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Dance with Cambodia

Posted by on Jul 11, 2013 in Uncategorized | 0 comments

DanceWithCambodia282Show your appreciation for Cambodia’s dance movement! They’ve had years of hardships, but are just as beautiful and strong as ever. Let’s celebrate this revival as one.

Send us a short video (less than 20 seconds) of you dancing your heart out, whether showing off your perfect pirouette or shaking your booty like there’s no tomorrow. We’ll compile all your awesome vids into one big love letter to our Khmer dance friends.

PRIZES
Three of our favorite videos will be selected as finalists and each will get a cool gift from Cambodia. Voting on Facebook will determine the grand prize winner who wins a wrap bracelet of their choice from The Brave Collection.

SUBMIT 
Instagram (Instavid): #theselpak  #year33
Email: TheSelpak@suenodocfilms.com subject line: Dance With Cambodia

DEADLINE
August 7th midnight PST

This is an official campaign by The SELPAK.
Join the movement, be a part of the ‘PAK. LEARN MORE.

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In the Cool Shade

In the Cool Shade

Posted by on May 2, 2013 in Year 33 | 0 comments

The serene city of Battambang, Cambodia was quickly fading in the rearview mirror of our $8 motorbike rental. Janna and I took turns randomly shouting “left, right, straight!”, reveling in our quest for the apex of authenticity and charm sure to be at the end of an “undiscovered” dirt road. I imagined simple shaded platforms, hammocks overlooking an idyllic lake, delicious food, and cold drinks. Crocodiles

After a brief stop to hold baby crocodiles and watch grown crocs fight over decaying snakes, we set out for the countryside. Narrow roads took us on a hot, dusty journey where busy markets and hotels gave way to homes selling items from their yards and rice paddies reflecting the cloudless sky. I glanced back at Janna and gave the international signal for “let’s get some beer”. She nodded earnestly, but the previously ubiquitous red Angkor signs were nowhere to be seen.

Sometime later, we spotted a small red sign in front of an unkempt shack. Not quite our hoped for hidden gem, but I parked and cheerfully called into the darkness. A mostly naked man emerged slowly tying on a dirty sarong. He eyed us incredulously as we pointed toward the sign and mimed drinking. “Two Angkor beer please,” I said in Khmer, one of the few phrases I knew along with “thank you”, “sorry” and, “hello, how are you.”

“No Angkor,” he huffed, but after rummaging in an old cooler came up with two lukewarm cans of a beer we had never seen before or since. He handed us these in exchange for $1 and stumbled back inside.

IMG_0967We stood in the brutal sun sipping already warming beers. Sweat streamed from every pore while our dream of paradise wilted. Then we heard a call from the home across the street where a few smiling women waved us over.

As we walked towards the small wooden house, an old woman creakily got up from her seat and waddled over to a chair just vacated by a younger woman. I watched the strange game of musical chairs until I realized they were making room for us on a bench. We protested meekly but allowed ourselves to be guided down. It was 20 degrees cooler in the shade and I felt a bit of life seep back into my body.

At first I was wary, conscious that we had just bought something from a neighbor, perhaps a competitor.  Yet as the minutes passed I realized they had offered their home and shade to us for no reason other than kindness. This thoughtfulness toward strangers was unexpected and touching. Our languages were different but a camaraderie quickly developed through smiles and knowing nods.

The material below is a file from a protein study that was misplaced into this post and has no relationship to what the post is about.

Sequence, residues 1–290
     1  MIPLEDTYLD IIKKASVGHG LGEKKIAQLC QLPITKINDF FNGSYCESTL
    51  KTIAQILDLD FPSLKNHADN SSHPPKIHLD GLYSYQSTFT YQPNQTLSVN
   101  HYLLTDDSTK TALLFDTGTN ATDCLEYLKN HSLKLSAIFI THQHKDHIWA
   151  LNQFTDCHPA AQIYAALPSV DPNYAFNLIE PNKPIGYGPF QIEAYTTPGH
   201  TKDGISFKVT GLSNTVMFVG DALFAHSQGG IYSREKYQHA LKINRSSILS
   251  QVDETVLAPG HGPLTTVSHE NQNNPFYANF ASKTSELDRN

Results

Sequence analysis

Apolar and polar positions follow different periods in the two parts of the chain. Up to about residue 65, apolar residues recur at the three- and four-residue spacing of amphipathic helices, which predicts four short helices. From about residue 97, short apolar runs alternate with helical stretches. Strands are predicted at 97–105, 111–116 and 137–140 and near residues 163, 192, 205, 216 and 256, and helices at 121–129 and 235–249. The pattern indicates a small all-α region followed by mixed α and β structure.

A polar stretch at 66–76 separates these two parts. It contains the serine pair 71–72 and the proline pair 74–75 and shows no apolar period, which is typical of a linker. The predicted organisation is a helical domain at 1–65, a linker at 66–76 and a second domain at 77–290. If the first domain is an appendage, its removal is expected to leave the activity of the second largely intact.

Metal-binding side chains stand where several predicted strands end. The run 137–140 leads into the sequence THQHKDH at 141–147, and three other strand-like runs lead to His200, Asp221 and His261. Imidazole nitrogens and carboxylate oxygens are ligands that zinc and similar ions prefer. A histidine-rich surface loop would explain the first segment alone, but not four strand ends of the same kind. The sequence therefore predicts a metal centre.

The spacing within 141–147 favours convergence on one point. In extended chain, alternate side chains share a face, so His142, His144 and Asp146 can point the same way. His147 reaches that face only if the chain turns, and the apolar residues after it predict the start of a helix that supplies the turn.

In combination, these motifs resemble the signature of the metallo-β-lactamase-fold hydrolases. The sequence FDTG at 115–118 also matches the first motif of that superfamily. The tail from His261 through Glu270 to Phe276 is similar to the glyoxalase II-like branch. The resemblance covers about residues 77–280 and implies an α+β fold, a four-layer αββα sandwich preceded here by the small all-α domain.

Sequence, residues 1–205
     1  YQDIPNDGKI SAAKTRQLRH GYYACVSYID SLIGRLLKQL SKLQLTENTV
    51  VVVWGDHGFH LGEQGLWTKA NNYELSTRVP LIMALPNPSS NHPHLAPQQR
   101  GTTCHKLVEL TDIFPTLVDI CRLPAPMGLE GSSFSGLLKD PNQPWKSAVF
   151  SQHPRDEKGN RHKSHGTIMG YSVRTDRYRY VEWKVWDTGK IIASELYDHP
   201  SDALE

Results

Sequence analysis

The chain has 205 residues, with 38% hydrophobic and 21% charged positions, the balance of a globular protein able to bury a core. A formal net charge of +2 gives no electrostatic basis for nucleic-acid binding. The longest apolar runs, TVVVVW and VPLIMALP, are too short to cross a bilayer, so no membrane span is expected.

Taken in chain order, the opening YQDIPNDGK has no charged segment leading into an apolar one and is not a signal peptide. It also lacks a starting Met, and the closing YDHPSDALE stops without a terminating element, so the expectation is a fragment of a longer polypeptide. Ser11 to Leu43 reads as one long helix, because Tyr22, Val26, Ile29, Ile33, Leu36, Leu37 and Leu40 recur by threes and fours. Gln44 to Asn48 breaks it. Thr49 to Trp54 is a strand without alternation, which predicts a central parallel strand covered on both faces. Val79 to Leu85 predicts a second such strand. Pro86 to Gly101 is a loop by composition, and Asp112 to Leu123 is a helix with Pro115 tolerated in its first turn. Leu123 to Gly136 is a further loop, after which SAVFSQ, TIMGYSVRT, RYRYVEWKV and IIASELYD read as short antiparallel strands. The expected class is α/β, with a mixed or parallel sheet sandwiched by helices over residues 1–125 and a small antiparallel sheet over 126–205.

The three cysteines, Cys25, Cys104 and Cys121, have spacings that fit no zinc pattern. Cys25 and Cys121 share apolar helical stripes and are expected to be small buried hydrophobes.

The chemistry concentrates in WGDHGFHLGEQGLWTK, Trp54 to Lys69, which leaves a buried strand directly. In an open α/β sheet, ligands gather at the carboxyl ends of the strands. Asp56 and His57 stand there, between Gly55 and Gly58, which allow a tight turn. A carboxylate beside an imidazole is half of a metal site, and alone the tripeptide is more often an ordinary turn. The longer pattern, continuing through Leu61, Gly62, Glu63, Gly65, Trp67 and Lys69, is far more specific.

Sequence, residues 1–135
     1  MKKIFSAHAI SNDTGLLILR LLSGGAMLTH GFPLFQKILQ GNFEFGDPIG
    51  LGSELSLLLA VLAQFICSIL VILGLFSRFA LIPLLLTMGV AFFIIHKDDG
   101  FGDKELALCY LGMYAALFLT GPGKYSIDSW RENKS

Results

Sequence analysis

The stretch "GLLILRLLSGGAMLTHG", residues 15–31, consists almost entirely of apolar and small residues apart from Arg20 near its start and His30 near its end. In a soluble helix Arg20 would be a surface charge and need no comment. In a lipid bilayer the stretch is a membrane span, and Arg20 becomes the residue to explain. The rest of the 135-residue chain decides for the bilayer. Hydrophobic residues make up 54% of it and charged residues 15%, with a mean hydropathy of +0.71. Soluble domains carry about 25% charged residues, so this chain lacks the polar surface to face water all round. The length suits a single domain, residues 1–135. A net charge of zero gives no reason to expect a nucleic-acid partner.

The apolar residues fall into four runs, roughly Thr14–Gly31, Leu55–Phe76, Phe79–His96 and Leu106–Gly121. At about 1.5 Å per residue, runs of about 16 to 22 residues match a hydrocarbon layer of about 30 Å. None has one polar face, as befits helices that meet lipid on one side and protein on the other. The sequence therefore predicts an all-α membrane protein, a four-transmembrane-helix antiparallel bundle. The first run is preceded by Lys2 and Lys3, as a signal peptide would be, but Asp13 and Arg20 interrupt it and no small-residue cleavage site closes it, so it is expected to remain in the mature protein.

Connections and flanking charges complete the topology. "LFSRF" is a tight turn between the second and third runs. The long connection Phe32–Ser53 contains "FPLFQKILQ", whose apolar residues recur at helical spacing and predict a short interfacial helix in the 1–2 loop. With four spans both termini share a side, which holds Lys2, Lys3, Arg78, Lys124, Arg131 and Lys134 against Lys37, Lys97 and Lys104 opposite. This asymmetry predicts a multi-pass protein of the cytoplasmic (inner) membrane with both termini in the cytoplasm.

I had found my diamond in the rough: not in a scenic photo-op to share online, but in a wordless connection in the cool shade of unconditional hospitality.

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April 17, 1975

April 17, 1975

Posted by on Apr 17, 2013 in Year 33 | 0 comments

Today is April 17th, the anniversary of the beginning of an end for Cambodia, or “Year 0”. On this day in 1975, Pol Pot’s Khmer Rouge duped and bullied Phnom Penh’s residents and refugees into leaving their city on the pretext that America would soon bomb the city. They were told it would be a few days before they could return home, perhaps a week at most. Instead, it would be four years for some, and never again for nearly a third of the population who would be dead by then from starvation, easily preventable diseases, and execution.

April 17. CLAUDE JUVENAL / AFP / Getty Images

In an effort to drive out communist fighters, relentless and overwhelming bombing by a secret American offense led to well over 100,000 innocent Cambodian deaths. The massive scale only bolstered support for the Khmer Rouge, enabling them to eventually control Cambodia’s population in brutal work camps.

Artists and intellectuals were targeted the regime, who viewed their knowledge and ideas as threats to their new goal of an  agrarian society. Cultural history was crushed by the deaths of beloved musicians, painters, and writers. The loss of government workers and teachers left very few educated survivors. By 1979, Cambodia’s rich legacy was in ashes, its infrastructure in ruins, and the loss of life estimated at two million.

aIMG_0283.CR2Today we remember those lost during the genocide. We will honor their memories by working to reclaim the beauty and strength still residing in the heart of this resilient country and its people.


Further Reading

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I Can Still Taste It